Paul Rudolph Hall was completed in 1963. The Yale campus also includes buildings by Louis Kahn and Marcel Breuer, and a hockey rink by Eero Saarinen.
The interior and exterior walls of this Brutalist building are made of hammered concrete aggregate, creating an interesting, and oddly soothing, textural pattern. The layout of the rooms, however is a bit choppy and, perhaps due to later renovations, there is a lack of intuitive flow from one space to the next.
George Nelson believed that a space is successful when it's done with love. I don't know if Rudolph's heart was aflutter when designing this building for Yale, but the passion expressed inside its walls makes up for the possible indifference.
The curious appearance of a martini glass on the ledge. Perhaps Nelson, who was a Yale graduate and a fan of martinis, still haunts these halls…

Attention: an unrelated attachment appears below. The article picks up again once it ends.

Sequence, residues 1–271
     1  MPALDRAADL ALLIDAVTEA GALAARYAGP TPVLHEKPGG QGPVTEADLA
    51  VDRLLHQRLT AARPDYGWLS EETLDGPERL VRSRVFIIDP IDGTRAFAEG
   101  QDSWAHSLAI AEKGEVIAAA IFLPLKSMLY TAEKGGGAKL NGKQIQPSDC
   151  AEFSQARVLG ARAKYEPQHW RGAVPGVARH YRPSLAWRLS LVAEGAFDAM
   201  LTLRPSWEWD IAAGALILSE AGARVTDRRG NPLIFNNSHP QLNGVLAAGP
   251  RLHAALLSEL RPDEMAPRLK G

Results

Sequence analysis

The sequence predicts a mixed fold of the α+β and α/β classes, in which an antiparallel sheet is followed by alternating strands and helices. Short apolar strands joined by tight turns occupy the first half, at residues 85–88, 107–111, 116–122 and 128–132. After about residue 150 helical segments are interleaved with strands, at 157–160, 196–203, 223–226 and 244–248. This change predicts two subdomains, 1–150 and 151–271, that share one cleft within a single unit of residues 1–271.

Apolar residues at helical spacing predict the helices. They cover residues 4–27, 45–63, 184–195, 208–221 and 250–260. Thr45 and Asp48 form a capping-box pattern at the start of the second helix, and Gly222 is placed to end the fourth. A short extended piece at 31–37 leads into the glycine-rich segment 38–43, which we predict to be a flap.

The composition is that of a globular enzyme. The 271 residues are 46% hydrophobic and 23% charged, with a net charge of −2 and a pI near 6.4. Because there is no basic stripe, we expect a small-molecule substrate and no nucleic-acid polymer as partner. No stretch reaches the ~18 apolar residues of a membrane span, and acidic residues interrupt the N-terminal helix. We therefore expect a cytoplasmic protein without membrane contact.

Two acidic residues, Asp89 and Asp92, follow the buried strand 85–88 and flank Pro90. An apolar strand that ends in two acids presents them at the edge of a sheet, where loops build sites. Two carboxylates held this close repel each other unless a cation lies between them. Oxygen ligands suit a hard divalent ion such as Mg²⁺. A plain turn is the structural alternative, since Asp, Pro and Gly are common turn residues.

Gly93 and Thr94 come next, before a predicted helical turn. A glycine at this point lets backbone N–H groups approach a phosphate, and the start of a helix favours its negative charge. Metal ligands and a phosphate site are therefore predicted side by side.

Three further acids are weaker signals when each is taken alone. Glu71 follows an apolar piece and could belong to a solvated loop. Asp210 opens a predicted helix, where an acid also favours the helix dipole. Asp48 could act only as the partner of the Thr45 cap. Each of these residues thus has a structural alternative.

I wish I could say we were seated in Womb Chairs, shown here in the student lounge, but our interest in George Nelson was tested by the brutal seating in Paul Rudolph's Brutalist building. Described beautifully by author Ralph Caplan, who said, "One of the pleasures of speaking at this symposium is that you get a chance to get out of these seats." (You also have to read Ralph, but I'll save that post for another day.)
A gift for you: I found an online version of Nelson's Tomorrow's House through Open Library. Enjoy!